The Case for Off-Line Creative: Textiles and Trampolines

This post is the second in a series written by Christina Crook. Christina Crook has been a regular contributor in the pages of UPPERCASE magazine and we're happy to welcome her to the blog this week with a special guest post series on the case for being creative offline. 


Samantha Cotterill:

Textile Design

After a five-year break from a painting career to have children, Samantha Cotterill (also known as mummysam,) returned to the art world as a self-taught fiber artist, creating one of a kind sculptures using all natural fibers. Today her energies are focused on creating a line of fabric designed exclusively for her Etsy shop.  

“My current work is quite digital, with this past year seeing a big move from fiber drawings and sculptures to digitally coloured illustrations and textile designs. Many of my illustrations are based on raising a child with spectrum, and the textile design are a fun and playful outlet to explore my love of colour and pattern.”

Samantha’s relationship with the Web is something she’s given a lot of thought. Online she’s found Validation, a space to Experiment and an opportunity to Avoid. She’s recently implemented a specialized tool to curb her wayward online ways...A trampoline.

Describe your relationship with the Web. I have a love/hate relationship with the Web, and will probably continue to do so for as long as I allow the internet to be around me. The types of relationships I have struck with the internet are quite diverse, with each one occupying my life at varying degrees. Validation, avoidance, dependence, healing, experimental, past-time, and survival are but a few examples of the types of relationships I can have with the Web. I look to the internet for validation when posting new work and waiting for feedback, and avoid it when the time spent creating is being squashed by the endless hours of searching and looking at meaningless things. I depend on the internet to keep me creatively connected to others and help my business grow, and experiment with it when posting new work that is unlike anything I have done before.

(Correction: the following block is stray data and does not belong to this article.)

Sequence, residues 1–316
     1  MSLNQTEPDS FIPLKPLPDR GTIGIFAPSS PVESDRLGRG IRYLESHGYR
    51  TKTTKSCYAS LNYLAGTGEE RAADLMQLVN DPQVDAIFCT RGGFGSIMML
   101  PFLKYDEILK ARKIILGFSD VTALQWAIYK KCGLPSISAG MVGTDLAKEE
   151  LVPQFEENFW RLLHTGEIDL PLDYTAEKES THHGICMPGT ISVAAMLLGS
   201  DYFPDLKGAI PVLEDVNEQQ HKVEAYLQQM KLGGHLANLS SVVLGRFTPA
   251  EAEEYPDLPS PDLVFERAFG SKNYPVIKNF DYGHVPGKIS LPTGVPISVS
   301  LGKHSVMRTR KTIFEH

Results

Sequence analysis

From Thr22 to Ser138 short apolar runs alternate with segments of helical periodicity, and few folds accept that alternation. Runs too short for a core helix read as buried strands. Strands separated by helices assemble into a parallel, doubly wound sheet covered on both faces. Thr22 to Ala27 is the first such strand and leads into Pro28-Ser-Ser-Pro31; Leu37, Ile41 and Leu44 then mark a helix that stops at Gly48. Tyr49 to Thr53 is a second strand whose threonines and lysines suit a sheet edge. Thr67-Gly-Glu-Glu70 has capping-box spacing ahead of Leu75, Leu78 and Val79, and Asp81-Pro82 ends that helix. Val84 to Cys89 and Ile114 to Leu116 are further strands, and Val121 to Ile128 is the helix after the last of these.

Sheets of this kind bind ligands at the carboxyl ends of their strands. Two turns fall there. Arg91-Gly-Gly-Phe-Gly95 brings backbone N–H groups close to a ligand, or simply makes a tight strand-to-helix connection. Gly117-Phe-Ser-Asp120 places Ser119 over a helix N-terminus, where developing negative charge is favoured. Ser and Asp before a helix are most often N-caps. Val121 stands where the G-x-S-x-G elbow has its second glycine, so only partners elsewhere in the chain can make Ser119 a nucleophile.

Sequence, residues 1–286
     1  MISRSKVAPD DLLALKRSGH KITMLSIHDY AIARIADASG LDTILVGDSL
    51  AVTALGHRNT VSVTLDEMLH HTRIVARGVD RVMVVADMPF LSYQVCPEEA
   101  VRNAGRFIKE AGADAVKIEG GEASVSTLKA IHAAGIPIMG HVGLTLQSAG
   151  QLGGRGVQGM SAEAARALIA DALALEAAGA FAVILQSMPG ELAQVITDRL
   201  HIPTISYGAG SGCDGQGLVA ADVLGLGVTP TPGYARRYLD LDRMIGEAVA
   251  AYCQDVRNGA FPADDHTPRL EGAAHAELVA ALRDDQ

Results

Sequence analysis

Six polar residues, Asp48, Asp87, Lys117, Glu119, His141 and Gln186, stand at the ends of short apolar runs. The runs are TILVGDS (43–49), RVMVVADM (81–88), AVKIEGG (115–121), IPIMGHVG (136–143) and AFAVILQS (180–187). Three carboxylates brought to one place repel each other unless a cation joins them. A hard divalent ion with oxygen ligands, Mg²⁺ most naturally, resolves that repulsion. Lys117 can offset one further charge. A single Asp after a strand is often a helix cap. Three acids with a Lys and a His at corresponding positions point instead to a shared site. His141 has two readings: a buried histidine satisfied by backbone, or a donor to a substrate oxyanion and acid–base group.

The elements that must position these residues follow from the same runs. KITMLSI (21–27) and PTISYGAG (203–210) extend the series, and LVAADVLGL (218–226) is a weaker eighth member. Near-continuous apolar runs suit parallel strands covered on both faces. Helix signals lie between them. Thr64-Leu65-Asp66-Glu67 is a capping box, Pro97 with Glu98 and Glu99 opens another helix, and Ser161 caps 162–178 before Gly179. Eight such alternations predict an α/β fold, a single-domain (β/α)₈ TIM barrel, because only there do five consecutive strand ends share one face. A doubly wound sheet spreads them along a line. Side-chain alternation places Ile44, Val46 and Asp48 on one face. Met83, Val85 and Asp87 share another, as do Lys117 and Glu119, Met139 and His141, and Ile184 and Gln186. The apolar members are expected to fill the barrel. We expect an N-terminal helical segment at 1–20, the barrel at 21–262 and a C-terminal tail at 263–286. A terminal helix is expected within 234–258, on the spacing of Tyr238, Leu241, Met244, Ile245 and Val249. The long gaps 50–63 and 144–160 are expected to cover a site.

What advice would you share with others regarding the interplay between the physical work of making and the online demands of the Internet? Make sure you are the devoting the time you need physically and emotionally to create a good body of work, and set up a structured routine that will eliminate any wasteful "let me just check this quickly" moments on the internet.

Do you try and restrict your time online? Why or why not? As a means of necessity, absolutely. While going on the internet can offer a wonderful source of inspiration, it's accessibility to all things creative can allow oneself to easily get lost in it and lose sight of how much physical work time is being neglected. I would mistakenly tell myself "just 20 more minutes and then I'll start work", and find myself still saying that 3 hours later.  It takes time for me to get into a good work rhythm, and if I spend much of that time browsing the internet, then another day will have gone by without any real work being accomplished.

Do you have a structured approach to your use of the Internet such as set times you check email, do updates, etc? This is something I have only just implemented, after noticing the amount of wasteful time that was being spent from jumping back and forth between my work and the Web. With the recent implementation of a daily schedule and clock that sits right in front of me, I am trying to bring back a balance that stops my ADD brain from wanting to quickly check something on the internet just 5 seconds after opening up Photoshop.

I have forced myself to only check e-mails two times a day, which has been much more difficult than I thought. I didn't realize how much I was going to my e-mail, and even worse yet, checking my flickr account to see how many new views I had since my last check 3 minutes prior.

With the suggestion of a trampoline from a friend of mine, I now go and jump madly for a few seconds when I start noticing my little fingers starting to twitch as the "need" to check things on the internet gets stronger. (I know it sounds silly, but it works. Trust me).

There is a set time where update are made, and another set time for any networking that needs to be done for the growth of my business.  I have even incorporated a set time for "free time", where I can spend some good guilt-free moments to have fun and just tinker about...

Up Next: Tugboats & Woodcuts